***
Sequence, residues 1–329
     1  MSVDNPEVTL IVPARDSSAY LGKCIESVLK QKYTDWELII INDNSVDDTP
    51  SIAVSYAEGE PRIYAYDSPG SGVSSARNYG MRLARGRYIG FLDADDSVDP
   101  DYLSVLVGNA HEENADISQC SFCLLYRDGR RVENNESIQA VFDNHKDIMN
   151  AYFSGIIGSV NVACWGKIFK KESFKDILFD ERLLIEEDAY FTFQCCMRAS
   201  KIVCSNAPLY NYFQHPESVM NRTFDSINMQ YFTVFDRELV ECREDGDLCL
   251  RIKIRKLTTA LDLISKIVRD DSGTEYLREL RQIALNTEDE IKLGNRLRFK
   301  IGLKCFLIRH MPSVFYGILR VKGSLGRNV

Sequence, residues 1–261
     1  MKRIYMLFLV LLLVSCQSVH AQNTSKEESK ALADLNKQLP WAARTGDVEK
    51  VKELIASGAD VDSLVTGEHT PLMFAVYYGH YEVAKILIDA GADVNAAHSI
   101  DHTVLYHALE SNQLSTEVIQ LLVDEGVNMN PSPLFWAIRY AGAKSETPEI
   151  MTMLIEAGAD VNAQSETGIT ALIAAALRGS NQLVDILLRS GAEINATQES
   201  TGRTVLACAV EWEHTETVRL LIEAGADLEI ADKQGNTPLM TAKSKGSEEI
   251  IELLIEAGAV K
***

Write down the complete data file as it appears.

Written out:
Sequence, residues 1–329
     1  MSVDNPEVTL IVPARDSSAY LGKCIESVLK QKYTDWELII INDNSVDDTP
    51  SIAVSYAEGE PRIYAYDSPG SGVSSARNYG MRLARGRYIG FLDADDSVDP
   101  DYLSVLVGNA HEENADISQC SFCLLYRDGR RVENNESIQA VFDNHKDIMN
   151  AYFSGIIGSV NVACWGKIFK KESFKDILFD ERLLIEEDAY FTFQCCMRAS
   201  KIVCSNAPLY NYFQHPESVM NRTFDSINMQ YFTVFDRELV ECREDGDLCL
   251  RIKIRKLTTA LDLISKIVRD DSGTEYLREL RQIALNTEDE IKLGNRLRFK
   301  IGLKCFLIRH MPSVFYGILR VKGSLGRNV

Sequence, residues 1–261
     1  MKRIYMLFLV LLLVSCQSVH AQNTSKEESK ALADLNKQLP WAARTGDVEK
    51  VKELIASGAD VDSLVTGEHT PLMFAVYYGH YEVAKILIDA GADVNAAHSI
   101  DHTVLYHALE SNQLSTEVIQ LLVDEGVNMN PSPLFWAIRY AGAKSETPEI
   151  MTMLIEAGAD VNAQSETGIT ALIAAALRGS NQLVDILLRS GAEINATQES
   201  TGRTVLACAV EWEHTETVRL LIEAGADLEI ADKQGNTPLM TAKSKGSEEI
   251  IELLIEAGAV K